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Canon LXXXVI. (Greek lxxxix.)
Of the order of bishops, that those ordained more recently do not dare to take precedence of those ordained before them.
Valentine, the bishop, said: If your good patience will permit, I follow the things which were done in time past in the Church of Carthage, and which were illustrious having been confirmed by the subscriptions of the brethren, and I profess that we intend to preserve this. For this we know, that ecclesiastical discipline has always remained inviolate: therefore let none of the brethren dare to place himself before those ordained earlier than himself; but by the offices of charity this has always been shewn to those ordained earlier, which always should be accepted joyfully by those ordained more recently. Let your holiness give command that this order be strengthened by your interlocutions. Aurelius, the bishop, said: It would not be fitting that we should repeat these things, were it not for the existence of certain inconsiderate minds, which would induce us to making such statutes; but this is a common cause about which our brother and fellow bishop has spoken, that each one of us should recognize the order decreed to him by God, and that the more recent should defer to the earlier ordained, and they should presume to do nothing when these have not been consulted. Wherefore I say, now that I think of it, that they who think they may presume to take precedence over those ordained before them, should be coerced suitably by the great council. Xantippus, bishop of the first see of Numidia, said: All the brethren present have heard what our brother and fellow bishop Aurelius has said, what answer do we make? Datian, the bishop, said: The decrees made by our ancestors should be strengthened by our assent, so that the action taken by the Church of Carthage in past synods should hold fast, being confirmed by the full assent of all of us. And all the bishops said: This order has been preserved by our fathers and by our ancestors, and shall be preserved by us through the help of God, the rights of the primacy of Numidia and of Mauritania being kept intact.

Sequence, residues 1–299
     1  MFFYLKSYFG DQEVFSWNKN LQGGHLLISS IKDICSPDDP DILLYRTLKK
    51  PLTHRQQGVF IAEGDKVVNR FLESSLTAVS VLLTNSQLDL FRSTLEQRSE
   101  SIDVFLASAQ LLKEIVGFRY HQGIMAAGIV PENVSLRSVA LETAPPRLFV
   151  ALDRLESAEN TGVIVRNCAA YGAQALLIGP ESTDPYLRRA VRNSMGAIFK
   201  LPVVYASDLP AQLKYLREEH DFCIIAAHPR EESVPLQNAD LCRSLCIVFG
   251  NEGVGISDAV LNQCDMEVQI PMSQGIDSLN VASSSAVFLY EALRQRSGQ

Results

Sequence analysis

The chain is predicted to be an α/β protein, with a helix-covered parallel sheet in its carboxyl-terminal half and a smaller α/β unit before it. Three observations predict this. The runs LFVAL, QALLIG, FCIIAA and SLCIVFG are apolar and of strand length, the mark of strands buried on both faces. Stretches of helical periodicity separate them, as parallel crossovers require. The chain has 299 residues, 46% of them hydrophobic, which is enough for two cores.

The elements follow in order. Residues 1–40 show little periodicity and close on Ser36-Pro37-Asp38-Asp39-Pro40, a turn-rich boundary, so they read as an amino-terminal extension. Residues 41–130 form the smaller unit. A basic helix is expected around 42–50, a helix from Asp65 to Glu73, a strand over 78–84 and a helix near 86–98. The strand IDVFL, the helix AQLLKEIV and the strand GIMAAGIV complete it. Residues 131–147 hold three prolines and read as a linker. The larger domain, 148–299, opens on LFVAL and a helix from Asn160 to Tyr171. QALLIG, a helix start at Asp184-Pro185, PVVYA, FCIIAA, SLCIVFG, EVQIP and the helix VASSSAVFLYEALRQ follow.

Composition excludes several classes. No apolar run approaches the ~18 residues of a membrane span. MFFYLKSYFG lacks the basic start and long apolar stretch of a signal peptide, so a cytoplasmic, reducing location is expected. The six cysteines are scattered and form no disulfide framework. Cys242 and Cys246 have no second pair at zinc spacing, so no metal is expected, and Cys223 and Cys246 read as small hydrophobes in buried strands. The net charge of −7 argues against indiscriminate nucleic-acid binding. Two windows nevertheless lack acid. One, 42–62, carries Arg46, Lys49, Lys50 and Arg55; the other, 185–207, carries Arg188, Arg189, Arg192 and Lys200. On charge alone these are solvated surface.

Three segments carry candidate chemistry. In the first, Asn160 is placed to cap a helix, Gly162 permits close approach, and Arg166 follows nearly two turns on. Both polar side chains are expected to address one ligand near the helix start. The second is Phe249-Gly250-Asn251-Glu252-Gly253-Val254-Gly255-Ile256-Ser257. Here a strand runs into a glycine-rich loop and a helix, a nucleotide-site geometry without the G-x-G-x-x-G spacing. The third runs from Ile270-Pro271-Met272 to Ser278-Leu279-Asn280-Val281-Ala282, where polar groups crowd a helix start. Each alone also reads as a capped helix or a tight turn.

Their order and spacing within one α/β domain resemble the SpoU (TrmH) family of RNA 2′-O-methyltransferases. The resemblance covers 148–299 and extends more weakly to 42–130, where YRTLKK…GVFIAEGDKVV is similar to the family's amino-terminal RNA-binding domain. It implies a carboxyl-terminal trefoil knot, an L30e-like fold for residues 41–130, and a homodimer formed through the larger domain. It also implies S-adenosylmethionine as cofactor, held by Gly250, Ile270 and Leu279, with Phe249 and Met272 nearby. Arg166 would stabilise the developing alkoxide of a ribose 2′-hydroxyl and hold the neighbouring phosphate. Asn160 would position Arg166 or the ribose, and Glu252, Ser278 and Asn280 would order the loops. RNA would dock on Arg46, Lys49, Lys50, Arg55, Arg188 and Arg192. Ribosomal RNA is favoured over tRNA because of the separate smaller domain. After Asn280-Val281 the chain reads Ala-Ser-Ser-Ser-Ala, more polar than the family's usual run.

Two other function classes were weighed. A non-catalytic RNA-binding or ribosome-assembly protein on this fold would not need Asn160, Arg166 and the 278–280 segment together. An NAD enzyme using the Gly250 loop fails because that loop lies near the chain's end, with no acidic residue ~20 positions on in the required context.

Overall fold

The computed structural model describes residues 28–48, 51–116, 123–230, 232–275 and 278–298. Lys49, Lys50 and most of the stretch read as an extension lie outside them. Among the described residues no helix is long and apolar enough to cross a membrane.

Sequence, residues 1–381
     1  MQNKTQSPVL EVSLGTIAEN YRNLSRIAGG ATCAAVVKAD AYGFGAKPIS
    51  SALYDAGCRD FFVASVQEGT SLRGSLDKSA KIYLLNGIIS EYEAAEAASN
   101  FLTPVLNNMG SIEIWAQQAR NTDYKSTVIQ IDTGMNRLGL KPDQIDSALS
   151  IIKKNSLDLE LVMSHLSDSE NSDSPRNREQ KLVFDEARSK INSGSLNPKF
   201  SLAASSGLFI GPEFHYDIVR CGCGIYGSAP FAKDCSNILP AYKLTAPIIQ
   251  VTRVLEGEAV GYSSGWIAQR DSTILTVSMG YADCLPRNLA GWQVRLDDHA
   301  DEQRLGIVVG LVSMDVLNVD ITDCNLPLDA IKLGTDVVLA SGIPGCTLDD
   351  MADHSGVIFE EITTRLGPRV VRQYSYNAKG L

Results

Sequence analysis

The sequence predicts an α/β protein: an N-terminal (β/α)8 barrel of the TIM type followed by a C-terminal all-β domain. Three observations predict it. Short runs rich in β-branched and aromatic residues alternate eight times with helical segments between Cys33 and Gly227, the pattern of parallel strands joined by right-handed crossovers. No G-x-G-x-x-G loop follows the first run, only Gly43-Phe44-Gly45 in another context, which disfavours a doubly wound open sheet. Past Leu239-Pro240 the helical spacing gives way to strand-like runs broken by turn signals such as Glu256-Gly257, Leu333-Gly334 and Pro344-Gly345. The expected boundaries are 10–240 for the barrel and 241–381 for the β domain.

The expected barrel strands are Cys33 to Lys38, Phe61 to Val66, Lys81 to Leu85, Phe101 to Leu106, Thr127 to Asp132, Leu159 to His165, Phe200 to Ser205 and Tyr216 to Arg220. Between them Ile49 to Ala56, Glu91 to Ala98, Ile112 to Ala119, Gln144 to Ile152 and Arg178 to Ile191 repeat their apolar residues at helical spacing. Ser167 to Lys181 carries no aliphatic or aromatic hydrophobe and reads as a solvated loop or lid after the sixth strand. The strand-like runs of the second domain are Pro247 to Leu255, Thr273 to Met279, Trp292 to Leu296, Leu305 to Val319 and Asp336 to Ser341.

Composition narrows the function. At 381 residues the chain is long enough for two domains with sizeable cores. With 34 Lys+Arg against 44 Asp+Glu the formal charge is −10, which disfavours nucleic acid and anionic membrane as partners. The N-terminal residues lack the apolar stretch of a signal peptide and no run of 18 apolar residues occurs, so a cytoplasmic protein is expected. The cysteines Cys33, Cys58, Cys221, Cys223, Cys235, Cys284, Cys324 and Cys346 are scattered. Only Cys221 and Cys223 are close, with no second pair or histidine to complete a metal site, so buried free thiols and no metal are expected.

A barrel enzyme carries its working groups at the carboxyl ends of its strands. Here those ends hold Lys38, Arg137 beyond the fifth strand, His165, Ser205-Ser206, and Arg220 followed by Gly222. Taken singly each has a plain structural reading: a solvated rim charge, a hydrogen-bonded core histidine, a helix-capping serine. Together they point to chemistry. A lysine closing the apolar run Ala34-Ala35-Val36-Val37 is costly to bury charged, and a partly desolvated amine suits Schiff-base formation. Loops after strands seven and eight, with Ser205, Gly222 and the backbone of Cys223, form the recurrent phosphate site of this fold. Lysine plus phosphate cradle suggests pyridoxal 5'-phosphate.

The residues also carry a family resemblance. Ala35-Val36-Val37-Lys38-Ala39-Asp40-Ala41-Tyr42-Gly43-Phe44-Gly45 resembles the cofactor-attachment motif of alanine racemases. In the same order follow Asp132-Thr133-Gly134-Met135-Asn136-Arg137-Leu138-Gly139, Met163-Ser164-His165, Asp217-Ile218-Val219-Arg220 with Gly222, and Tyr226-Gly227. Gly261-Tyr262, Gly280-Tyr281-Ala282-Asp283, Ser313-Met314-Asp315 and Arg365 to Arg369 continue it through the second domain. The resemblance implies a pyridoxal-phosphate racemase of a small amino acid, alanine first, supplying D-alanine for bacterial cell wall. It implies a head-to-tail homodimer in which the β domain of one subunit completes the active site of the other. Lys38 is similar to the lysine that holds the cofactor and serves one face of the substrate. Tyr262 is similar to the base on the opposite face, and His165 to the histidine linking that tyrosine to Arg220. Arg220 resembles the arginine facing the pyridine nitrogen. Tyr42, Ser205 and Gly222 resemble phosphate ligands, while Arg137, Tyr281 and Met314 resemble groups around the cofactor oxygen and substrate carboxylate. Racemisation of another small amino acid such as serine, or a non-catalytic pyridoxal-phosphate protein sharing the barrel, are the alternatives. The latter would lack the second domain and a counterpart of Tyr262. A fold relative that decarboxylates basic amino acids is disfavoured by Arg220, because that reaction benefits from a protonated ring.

Of the archives and matricula of Numidia.
Moreover it seemed good to all the bishops who subscribed in this council that the matricula and the archives of Numidia should be at the first see and in the Metropolis, that is Constantina.
Ancient Epitome of Canon LXXXVI.
Thou shalt not prefer thyself to thine elders, but shalt follow them. For he that spurns those who were before him should be frowned down upon.
The introduction belongs to the Synod of Milevis, of August 27, a.d. 402.
This canon (lxxxvj.) is Canon j., of the above named Synod.
From this canon it appears that the primacy in Africa was ambulatory, and belonged to the senior bishop of the province. If the primacy had been fixed to the bishop of any certain city, as in other countries, there would have been a salvo or exception for that bishop, as there is in the 24th canon of the Synod of Bracara [Braga] in Spain, which orders that all bishops take place according to their seniority, with a reserve to the bishop of the metropolis. The bishop of Carthage was not included in this canon; for it is evident that he had a precedence annexed to his see, and that he was in reality a sort of patriarch. The reason why Numidia and Mauritania are particularly mentioned is, that some disputes had been started there on that subject.
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